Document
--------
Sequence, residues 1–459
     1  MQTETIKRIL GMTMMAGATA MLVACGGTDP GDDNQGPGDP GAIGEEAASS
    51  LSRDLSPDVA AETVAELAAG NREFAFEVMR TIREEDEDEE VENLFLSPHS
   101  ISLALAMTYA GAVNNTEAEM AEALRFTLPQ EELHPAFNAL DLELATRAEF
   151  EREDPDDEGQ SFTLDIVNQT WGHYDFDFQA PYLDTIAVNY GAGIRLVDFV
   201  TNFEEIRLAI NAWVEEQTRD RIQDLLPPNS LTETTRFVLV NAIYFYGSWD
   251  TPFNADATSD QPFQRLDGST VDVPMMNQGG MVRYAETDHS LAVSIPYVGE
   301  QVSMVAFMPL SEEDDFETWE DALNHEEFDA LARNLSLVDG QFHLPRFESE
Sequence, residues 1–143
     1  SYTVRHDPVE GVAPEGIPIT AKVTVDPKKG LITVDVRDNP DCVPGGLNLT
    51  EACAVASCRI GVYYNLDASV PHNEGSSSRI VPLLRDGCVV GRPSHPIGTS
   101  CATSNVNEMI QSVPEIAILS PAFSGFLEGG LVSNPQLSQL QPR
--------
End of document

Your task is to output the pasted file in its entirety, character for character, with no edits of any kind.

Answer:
Sequence, residues 1–459
     1  MQTETIKRIL GMTMMAGATA MLVACGGTDP GDDNQGPGDP GAIGEEAASS
    51  LSRDLSPDVA AETVAELAAG NREFAFEVMR TIREEDEDEE VENLFLSPHS
   101  ISLALAMTYA GAVNNTEAEM AEALRFTLPQ EELHPAFNAL DLELATRAEF
   151  EREDPDDEGQ SFTLDIVNQT WGHYDFDFQA PYLDTIAVNY GAGIRLVDFV
   201  TNFEEIRLAI NAWVEEQTRD RIQDLLPPNS LTETTRFVLV NAIYFYGSWD
   251  TPFNADATSD QPFQRLDGST VDVPMMNQGG MVRYAETDHS LAVSIPYVGE
   301  QVSMVAFMPL SEEDDFETWE DALNHEEFDA LARNLSLVDG QFHLPRFESE
Sequence, residues 1–143
     1  SYTVRHDPVE GVAPEGIPIT AKVTVDPKKG LITVDVRDNP DCVPGGLNLT
    51  EACAVASCRI GVYYNLDASV PHNEGSSSRI VPLLRDGCVV GRPSHPIGTS
   101  CATSNVNEMI QSVPEIAILS PAFSGFLEGG LVSNPQLSQL QPR